The Victorian Court of Appeal has overturned actress Rebel Wilson’s record defamation payout, reducing the award of more than $4.5 million in damages to $600,000. The Court of Appeal handed down its decision in Bauer Media Pty Ltd v Wilson (No 2)  VSCA 154 on 14 June 2018, finding that Ms Wilson was not entitled to any economic losses, and reduced the damages for non-economic loss by $50,000.
Record-breaking damages award by the Supreme Court of Victoria
In September 2017 the Supreme Court of Victoria ordered the defendants Bauer Media Pty Ltd and Bauer Media Australia Pty Ltd (collectively Bauer) pay Ms Wilson $4,567,472 in damages for losses she had suffered due to defamatory material published by Bauer-owned publications including Woman’s Day, Woman’s Weekly and OK Magazine. The articles conveyed a number of defamatory imputations, namely that Ms Wilson was untrustworthy and a serial liar, and had lied about her age, name and aspects of her childhood.
You can read our full summary of this decision here.
The sum, which was the largest defamation damages sum ever ordered by an Australian court, consisted of:
- $650,000 in general damages, including aggravated damages; and
- $3,917,472 in special damages for Wilson’s loss of opportunity for new screen roles.
Section 35 of the Defamation Act Victoria (2005) (the Act) outlines a statutory cap on damages for non-economic loss if the court is satisfied that the circumstances of the publication of the defamatory matter warrant an award of aggravated damages. The statutory cap applicable at the time of judgment was $389,500.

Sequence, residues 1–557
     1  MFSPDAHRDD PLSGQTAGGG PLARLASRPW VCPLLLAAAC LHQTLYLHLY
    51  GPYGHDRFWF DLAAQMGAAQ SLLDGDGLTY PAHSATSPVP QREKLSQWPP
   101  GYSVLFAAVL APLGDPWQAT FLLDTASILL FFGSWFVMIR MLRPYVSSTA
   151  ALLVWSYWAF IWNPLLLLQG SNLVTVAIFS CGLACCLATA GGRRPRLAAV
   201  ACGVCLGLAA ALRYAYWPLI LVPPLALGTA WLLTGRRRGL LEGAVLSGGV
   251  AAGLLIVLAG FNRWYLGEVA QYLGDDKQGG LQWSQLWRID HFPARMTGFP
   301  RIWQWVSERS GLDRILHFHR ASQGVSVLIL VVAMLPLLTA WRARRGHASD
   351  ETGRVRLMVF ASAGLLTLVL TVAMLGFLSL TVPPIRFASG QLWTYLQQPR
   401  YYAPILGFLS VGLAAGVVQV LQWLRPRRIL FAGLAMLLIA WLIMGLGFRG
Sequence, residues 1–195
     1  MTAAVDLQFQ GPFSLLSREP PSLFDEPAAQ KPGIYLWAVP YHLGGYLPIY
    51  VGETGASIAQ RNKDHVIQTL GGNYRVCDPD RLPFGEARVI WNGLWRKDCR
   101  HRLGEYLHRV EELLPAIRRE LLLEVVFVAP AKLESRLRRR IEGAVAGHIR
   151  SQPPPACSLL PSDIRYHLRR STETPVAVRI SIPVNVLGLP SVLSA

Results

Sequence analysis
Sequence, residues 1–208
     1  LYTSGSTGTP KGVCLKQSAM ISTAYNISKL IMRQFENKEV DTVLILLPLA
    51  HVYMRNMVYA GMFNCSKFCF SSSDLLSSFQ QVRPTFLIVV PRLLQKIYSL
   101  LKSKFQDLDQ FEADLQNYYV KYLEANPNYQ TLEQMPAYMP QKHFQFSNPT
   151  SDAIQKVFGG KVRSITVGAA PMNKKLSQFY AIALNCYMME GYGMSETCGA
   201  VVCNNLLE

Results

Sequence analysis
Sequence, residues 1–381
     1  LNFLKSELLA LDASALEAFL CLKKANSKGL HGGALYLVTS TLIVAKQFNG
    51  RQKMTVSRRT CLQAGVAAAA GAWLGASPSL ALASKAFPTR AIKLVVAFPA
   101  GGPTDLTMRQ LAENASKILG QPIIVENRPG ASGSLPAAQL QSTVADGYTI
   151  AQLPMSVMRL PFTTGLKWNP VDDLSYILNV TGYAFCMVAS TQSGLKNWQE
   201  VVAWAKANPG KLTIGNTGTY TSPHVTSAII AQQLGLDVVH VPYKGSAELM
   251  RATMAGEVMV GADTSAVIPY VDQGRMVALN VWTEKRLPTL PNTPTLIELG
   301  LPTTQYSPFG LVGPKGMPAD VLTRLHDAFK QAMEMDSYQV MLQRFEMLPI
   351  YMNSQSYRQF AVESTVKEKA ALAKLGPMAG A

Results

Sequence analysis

Justice Dixon of the Supreme Court found that the statutory cap did not apply to Ms Wilson’s case because Bauer:
- failed to properly investigate the allegations made by an anonymous source
- published the articles despite knowing the defamatory imputations they contained were false
- repeated the offending imputations in further articles in order to keep the articles current and trending to maximise Bauer’s commercial opportunities, as well as neutralise Ms Wilson’s response to its campaign.
As a result, Justice Dixon awarded Ms Wilson $650,000 in general (including aggravated) damages.
Ms Wilson also claimed special damages for loss of opportunity, being the earnings she would have received from lead film roles from mid-2015 to the end of 2016 but, as a result of Bauer’s articles, did not. She called two well-known California-based talent agents as witnesses who both gave evidence that, following the release of Pitch Perfect 2, Wilson was expected to and should have received a number of offers for high profile lead roles.
Justice Dixon concluded that but for the “grapevine repetition” of the defamatory imputations contained in Bauer’s articles, Ms Wilson would have been cast in lead or co-lead roles totalling USD$15 million. After discounting this value by 80% for a range of factors, his Honour awarded Wilson special damages of USD$3 million, being AUD$3,917,472.
Appeal by Bauer
Bauer sought leave from the Victorian Court of Appeal to appeal the lower court’s award of damages on the following grounds:
aggravation of damage – that the trial judge erred in finding Bauer’s conduct was unjustifiable, improper or not bona fide and aggravated Ms Wilson’s damages
- aggravation of damage – that the trial judge erred in finding Bauer’s conduct was unjustifiable, improper or not bona fide and aggravated Ms Wilson’s damages